Ghani Calls PM, Exchanges Views On Dialogue Process

Afghanis­tan’s President Ashraf Ghani called Prime Minister Nawaz Sharif on Monday to discuss an imminent start of a reconciliation dialogue with the Afghan Taliban as the group for the first time publicly indicated that it could be considering the proposal.

Ghani and PM

According to a statement issued by the Prime Minister’s Office, President Ghani telephoned Prime Minister Sharif and thanked him for “sending Chief of the Army Staff Gen Raheel Sharif to Afghanistan” last week. The Afghan leader was quoted by sources as having thanked the government for its “sincere cooperation for peace”. Gen Sharif, during his meetings in Kabul, had conveyed to the Afghan leaders that the Taliban were willing to open peace talks with their government. Media leaks about the message carried by Gen Sharif prompted a knee-jerk reaction from the Taliban, who immediately denied planning talks with anyone and changing their policy about dialogue. But days after the blunt reaction, they gave a more mature response, saying that they were not rejecting outright the Pakistani proposal for dialogue with the Afghan government. A Taliban spokesman said in a statement sent to the media: “Our policy is very clear about the peace process — we want peace and reconciliation.”

He said Taliban’s engagement with some countries, participation in conferences and continuation of their political office in Qatar despite former Afghan president Hamid Karzai’s opposition indicated the group’s desire for peace. He said the Taliban would continue to use both political and military means for attaining their goal. In a separate statement given to Voice of America, Taliban spokesman Zabihullah rejected as ‘misleading’ media reports about a delegation of his group visiting Pakistan. A Pakistani official aware of the developments in efforts for kick starting the dialogue for a negotiated settlement of the conflict in Afghanistan welcomed the Taliban statement as positive. Regarding speculation that the dialogue could commence next month, he said it would be counter-productive to give dates and set timeframes for such processes. “The important thing is that matters are moving in the right direction and there is a lot of positivity in the air,” he added. Besides the Taliban statement coinciding with President Ghani’s call, the conversation took place at a time when the Afghan leader started extensive discussions in Kabul with his country’s High Peace Council and former Jihadi leaders for developing support for the likely dialogue.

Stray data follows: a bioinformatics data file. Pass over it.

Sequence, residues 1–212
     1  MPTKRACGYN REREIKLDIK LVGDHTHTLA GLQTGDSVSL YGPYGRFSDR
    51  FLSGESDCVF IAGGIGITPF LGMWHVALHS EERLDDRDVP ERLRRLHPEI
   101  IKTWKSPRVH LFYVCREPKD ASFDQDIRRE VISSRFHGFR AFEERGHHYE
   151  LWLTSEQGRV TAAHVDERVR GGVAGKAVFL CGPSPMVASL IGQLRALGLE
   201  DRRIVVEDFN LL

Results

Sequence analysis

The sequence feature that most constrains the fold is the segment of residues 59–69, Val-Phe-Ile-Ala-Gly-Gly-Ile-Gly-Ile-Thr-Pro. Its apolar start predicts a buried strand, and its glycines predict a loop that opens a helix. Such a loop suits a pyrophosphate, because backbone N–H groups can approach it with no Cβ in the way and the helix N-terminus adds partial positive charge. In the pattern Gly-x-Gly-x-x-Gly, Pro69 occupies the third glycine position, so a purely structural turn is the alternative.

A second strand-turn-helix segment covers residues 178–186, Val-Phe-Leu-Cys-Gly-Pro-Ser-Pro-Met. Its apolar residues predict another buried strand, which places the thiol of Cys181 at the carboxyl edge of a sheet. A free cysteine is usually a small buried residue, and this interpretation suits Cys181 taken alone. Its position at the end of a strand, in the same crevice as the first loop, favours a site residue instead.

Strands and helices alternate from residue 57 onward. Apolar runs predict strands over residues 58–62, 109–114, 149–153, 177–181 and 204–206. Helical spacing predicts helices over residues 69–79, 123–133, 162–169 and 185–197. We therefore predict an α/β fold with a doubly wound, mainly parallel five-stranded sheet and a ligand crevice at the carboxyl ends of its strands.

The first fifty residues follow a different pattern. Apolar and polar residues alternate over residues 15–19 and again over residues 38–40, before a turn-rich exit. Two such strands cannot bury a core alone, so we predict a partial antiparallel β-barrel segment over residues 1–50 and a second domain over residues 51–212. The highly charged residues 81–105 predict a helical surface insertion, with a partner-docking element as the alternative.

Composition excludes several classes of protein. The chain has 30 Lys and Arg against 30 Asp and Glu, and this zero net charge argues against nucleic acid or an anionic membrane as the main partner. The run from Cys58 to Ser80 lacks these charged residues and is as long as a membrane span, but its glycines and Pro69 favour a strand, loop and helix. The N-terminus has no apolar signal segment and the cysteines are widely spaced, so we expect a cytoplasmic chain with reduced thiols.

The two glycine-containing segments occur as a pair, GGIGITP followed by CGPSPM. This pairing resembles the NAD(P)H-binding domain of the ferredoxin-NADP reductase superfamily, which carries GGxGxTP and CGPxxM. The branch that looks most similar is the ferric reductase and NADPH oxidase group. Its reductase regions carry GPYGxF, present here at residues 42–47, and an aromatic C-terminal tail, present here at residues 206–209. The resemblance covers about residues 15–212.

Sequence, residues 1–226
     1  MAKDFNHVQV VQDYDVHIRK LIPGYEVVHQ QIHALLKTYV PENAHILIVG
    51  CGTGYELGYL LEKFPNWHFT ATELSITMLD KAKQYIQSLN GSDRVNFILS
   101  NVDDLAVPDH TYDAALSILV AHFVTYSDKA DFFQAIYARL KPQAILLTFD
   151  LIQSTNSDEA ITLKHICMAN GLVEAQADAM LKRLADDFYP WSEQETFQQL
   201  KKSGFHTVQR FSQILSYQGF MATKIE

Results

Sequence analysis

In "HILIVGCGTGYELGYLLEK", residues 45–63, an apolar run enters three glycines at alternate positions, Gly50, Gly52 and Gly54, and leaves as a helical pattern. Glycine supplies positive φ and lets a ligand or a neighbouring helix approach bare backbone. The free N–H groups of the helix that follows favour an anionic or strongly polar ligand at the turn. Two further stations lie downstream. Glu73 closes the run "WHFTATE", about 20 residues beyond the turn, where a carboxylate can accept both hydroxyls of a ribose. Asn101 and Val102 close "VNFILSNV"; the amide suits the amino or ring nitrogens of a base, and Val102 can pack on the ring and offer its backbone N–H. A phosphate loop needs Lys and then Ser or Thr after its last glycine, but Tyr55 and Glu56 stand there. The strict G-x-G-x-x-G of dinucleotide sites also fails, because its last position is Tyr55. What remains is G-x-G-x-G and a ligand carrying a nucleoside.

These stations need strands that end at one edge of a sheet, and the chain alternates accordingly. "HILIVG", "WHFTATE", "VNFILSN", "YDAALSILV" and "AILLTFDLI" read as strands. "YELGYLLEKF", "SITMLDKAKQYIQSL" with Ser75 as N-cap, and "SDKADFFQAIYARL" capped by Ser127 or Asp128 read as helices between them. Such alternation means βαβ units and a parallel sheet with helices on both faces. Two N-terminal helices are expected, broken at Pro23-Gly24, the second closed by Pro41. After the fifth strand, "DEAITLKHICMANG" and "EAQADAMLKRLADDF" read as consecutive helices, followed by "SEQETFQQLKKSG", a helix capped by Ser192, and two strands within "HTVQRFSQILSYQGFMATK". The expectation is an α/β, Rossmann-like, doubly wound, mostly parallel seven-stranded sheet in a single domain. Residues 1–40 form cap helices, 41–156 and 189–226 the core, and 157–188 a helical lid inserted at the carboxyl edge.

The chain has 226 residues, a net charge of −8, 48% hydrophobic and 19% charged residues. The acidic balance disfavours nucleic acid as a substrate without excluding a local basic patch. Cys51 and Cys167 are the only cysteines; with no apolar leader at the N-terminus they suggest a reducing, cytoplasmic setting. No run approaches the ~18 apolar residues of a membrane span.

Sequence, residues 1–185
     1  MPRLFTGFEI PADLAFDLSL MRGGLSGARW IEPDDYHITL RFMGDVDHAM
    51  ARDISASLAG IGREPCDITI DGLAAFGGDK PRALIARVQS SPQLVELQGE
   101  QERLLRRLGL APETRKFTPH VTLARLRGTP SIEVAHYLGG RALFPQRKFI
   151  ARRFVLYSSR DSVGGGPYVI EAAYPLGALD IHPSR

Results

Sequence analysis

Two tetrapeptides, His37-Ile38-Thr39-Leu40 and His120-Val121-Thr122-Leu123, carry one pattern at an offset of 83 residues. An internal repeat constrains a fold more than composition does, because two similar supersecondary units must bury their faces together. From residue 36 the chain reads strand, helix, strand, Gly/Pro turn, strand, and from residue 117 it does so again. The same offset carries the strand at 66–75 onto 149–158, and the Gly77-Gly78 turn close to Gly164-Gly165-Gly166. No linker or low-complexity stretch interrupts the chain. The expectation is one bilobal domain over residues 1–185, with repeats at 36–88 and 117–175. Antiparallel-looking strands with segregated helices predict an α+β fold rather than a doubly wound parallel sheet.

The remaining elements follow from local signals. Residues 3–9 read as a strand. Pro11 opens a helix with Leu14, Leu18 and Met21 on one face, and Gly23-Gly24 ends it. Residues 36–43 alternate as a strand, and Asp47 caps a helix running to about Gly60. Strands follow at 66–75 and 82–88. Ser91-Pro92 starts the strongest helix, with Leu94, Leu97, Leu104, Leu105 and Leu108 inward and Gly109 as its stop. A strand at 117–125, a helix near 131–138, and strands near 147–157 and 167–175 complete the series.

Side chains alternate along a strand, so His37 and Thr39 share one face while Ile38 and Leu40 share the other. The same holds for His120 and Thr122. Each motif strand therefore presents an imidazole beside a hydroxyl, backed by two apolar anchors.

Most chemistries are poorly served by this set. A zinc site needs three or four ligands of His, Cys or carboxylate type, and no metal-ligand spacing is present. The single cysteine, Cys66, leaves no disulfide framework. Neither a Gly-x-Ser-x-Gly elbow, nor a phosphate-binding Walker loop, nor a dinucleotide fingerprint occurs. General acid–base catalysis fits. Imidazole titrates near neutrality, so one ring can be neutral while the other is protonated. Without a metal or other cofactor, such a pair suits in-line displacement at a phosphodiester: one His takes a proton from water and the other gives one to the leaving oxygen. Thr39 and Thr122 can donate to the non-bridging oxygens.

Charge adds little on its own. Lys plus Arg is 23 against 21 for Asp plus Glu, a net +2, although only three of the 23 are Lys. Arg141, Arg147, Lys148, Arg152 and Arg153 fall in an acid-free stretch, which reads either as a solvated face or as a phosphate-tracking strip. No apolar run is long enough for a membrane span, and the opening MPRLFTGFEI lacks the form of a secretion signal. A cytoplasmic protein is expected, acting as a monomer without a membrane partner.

“President Ghani stated that a great opportunity has been created for ensuring peace in Afghanistan, and that the Afghan nation should exploit this opportunity and take effective steps forward,” the Afghan presidency said in a statement on his meeting with the council. “Grounds were more paved now than ever before for peace in the country and it was upon the nation to use the opportunities towards achieving a lasting peace as a long-awaited desire,” he told former militant leaders Abdurrab Rasool Sayaf and Mohammad Ismail Khan. But, much like the Pakistan Army that last week warned against ‘detractors’, President Ghani is also worried about pre-mature media leaks and conspiracies against the likely talks. He expressed these concerns in various statements over the weekend. Throwing President Ghani’s caution to wind, Afghan Chief Executive Abdullah Abdullah told a cabinet meeting that dialogue with Taliban would begin soon. The media quoted Mr Abdullah as telling his cabinet colleagues that preparations for the dialogue were afoot. He too, however, avoided giving any date for the dialogue.